This year I started watching a few new reality shows on television.
A show called Pickers documents the adventures of a couple of antique merchants. The guys travel the country in search of collectibles they can buy and resell at a profit. Sometimes their manager leads them to a potential seller. But I’ve also seen them just walk up to a house with a barn and ask if they can look around for stuff to buy. They end up rummaging through all kinds of junk in their quest for unique items. It’s amazing to see just how much stuff some people have. One episode featured a guy with a three story building packed full of collectibles.
I am most intrigued by the reluctant sellers. The pickers will occasionally run across someone who just doesn’t want to part with anything, despite being offered a fair price. I don’t quite understand this—why would someone turn down cash for something that is just collecting dust in a forgotten corner of a barn? I don’t get it.
Another show takes things to a completely different level. Hoarders documents the lives of people suffering from a specific mental health disorder known as compulsive hoarding. This illness compels them to fill their homes with anything you can imagine—from collectibles to garbage. Even those who accept intervention are often resistant to throw anything away.
I want to make something clear before I go any further: I have nothing but sympathy for those who suffer from mental illness. I don’t judge them any more than I would judge someone for having cancer. Mental illness, in fact, often has a medical/chemical component to it.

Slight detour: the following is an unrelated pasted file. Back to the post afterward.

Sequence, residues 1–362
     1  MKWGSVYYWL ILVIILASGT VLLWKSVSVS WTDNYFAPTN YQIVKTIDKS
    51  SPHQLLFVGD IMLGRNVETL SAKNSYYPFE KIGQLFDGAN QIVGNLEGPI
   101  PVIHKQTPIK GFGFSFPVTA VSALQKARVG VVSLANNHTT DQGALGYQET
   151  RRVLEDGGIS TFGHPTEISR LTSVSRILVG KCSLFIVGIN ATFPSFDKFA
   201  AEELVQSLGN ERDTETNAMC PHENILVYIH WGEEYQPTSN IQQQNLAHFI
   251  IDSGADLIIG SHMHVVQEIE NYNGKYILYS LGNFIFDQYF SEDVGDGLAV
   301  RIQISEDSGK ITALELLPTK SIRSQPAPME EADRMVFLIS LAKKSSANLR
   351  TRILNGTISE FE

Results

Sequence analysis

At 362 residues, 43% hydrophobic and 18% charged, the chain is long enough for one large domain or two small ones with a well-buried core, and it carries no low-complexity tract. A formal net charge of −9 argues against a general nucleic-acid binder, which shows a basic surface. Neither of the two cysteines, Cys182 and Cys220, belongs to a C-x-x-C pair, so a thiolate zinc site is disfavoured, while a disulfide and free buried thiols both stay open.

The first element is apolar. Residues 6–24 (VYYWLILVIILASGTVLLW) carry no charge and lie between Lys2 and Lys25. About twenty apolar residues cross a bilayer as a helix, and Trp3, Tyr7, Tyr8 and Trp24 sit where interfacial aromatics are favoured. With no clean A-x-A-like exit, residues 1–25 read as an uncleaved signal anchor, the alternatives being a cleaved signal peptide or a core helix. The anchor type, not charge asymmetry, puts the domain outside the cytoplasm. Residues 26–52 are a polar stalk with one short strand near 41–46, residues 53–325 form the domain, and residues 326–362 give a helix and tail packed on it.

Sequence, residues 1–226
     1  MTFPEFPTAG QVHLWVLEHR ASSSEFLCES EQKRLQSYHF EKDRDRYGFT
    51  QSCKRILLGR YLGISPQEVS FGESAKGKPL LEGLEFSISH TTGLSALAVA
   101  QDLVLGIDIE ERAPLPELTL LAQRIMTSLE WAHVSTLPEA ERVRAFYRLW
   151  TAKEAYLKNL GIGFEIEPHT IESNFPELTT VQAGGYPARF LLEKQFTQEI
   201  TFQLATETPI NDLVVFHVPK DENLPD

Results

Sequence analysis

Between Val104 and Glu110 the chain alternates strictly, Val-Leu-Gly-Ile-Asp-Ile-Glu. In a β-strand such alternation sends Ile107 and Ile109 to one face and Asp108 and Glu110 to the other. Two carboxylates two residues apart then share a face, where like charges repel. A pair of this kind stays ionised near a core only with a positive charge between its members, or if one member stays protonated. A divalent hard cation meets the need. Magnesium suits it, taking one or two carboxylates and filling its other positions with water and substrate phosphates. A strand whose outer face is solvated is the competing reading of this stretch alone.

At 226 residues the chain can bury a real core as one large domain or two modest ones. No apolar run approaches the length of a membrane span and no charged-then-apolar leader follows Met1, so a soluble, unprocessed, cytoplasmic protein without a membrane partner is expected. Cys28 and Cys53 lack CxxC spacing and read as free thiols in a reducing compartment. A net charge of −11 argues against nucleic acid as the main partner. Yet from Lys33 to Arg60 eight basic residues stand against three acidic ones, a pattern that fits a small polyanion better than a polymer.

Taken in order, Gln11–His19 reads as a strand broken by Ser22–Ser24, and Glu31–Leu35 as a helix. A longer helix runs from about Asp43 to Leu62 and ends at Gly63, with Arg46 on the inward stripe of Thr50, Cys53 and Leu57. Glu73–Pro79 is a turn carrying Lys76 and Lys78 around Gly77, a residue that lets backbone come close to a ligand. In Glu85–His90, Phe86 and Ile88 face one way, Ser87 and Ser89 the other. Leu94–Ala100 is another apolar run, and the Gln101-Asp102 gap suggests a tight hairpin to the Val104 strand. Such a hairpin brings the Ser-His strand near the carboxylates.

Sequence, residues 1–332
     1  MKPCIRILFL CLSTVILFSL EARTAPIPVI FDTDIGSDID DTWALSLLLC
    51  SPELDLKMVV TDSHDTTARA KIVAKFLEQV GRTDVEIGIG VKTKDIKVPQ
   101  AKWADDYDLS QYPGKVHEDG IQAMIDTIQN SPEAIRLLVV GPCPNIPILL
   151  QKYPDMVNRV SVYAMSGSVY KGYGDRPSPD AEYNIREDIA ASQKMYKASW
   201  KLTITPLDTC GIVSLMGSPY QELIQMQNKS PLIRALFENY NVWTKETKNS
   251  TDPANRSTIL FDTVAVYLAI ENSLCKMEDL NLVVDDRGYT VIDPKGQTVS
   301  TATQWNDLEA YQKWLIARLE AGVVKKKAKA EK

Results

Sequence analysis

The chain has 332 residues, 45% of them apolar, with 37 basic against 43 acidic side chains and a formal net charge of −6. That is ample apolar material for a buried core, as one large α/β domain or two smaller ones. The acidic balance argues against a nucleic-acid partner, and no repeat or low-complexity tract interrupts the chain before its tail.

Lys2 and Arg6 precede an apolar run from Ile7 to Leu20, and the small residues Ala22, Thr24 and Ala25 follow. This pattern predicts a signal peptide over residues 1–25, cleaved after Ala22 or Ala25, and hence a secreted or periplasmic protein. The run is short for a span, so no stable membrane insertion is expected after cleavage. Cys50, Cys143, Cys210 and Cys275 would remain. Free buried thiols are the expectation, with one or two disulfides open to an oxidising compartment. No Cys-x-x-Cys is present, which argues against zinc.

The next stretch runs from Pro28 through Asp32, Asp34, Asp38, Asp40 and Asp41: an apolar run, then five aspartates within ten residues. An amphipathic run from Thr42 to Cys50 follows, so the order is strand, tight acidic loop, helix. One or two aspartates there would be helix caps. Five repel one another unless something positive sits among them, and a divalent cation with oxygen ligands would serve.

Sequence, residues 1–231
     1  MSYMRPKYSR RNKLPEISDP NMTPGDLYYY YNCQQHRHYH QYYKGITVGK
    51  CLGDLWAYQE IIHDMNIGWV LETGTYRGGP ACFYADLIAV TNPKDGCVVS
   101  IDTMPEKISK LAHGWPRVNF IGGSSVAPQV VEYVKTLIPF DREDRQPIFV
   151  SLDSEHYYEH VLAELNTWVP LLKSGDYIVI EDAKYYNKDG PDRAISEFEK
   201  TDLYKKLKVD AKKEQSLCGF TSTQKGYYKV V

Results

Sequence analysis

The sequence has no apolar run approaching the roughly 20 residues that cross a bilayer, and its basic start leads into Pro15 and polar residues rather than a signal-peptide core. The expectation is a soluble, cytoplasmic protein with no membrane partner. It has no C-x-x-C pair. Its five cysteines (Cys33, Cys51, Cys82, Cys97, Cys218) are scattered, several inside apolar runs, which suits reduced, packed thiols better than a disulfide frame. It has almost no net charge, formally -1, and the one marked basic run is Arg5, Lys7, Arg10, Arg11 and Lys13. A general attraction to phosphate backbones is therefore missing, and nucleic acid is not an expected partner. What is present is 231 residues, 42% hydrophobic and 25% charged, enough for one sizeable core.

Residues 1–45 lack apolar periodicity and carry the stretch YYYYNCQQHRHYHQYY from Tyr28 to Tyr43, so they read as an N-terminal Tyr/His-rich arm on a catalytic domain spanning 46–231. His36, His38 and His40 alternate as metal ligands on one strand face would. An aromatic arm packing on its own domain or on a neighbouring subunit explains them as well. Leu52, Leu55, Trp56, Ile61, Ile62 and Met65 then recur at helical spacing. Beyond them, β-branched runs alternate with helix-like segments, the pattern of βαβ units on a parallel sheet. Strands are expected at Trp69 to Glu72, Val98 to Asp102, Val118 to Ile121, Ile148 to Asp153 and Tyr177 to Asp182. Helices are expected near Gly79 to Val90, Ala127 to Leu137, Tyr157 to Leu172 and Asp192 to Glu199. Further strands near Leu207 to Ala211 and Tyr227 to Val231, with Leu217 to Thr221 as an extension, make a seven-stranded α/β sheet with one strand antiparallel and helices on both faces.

But both of these shows cause me to think about our tendency to put too much emphasis on material possessions—even if we don’t do so in a pathological way.
|The Joy of Moving|
This most recent move has caused me to think about this issue all over again. I often reflect on it when I pack my suitcase, but moving to a new place is a lot more intense.
My goal was to be able to move everything I owned in just one trip, so I downsized. I sold (or gave away) a few bulky items in the weeks leading up to the transfer. It’s a good thing I did—there wasn’t much room left in the moving truck once we had all my stuff packed.
I remember inspecting the truck before they closed the doors. “Do I really need all this stuff?” I asked myself. I guess I do—so far I haven’t unpacked anything and wondered why I brought it. But I’ve been reminded once again of Jesus’ warning:
Someone in the crowd said to him, “Teacher, tell my brother to divide the inheritance with me.”
Jesus replied, “Man, who appointed me a judge or an arbiter between you?” Then he said to them, “Watch out! Be on your guard against all kinds of greed; life does not consist in an abundance of possessions.”
And he told them this parable: “The ground of a certain rich man yielded an abundant harvest. He thought to himself, ‘What shall I do? I have no place to store my crops.’ “Then he said, ‘This is what I’ll do. I will tear down my barns and build bigger ones, and there I will store my surplus grain. And I’ll say to myself, “You have plenty of grain laid up for many years. Take life easy; eat, drink and be merry.”’
“But God said to him, ‘You fool! This very night your life will be demanded from you. Then who will get what you have prepared for yourself?’
“This is how it will be with whoever stores up things for themselves but is not rich toward God.” -Luke 12:13-21
Lord, I thank you for every material blessing you’ve given me. I also thank you for reminding me to keep them in their proper perspective.
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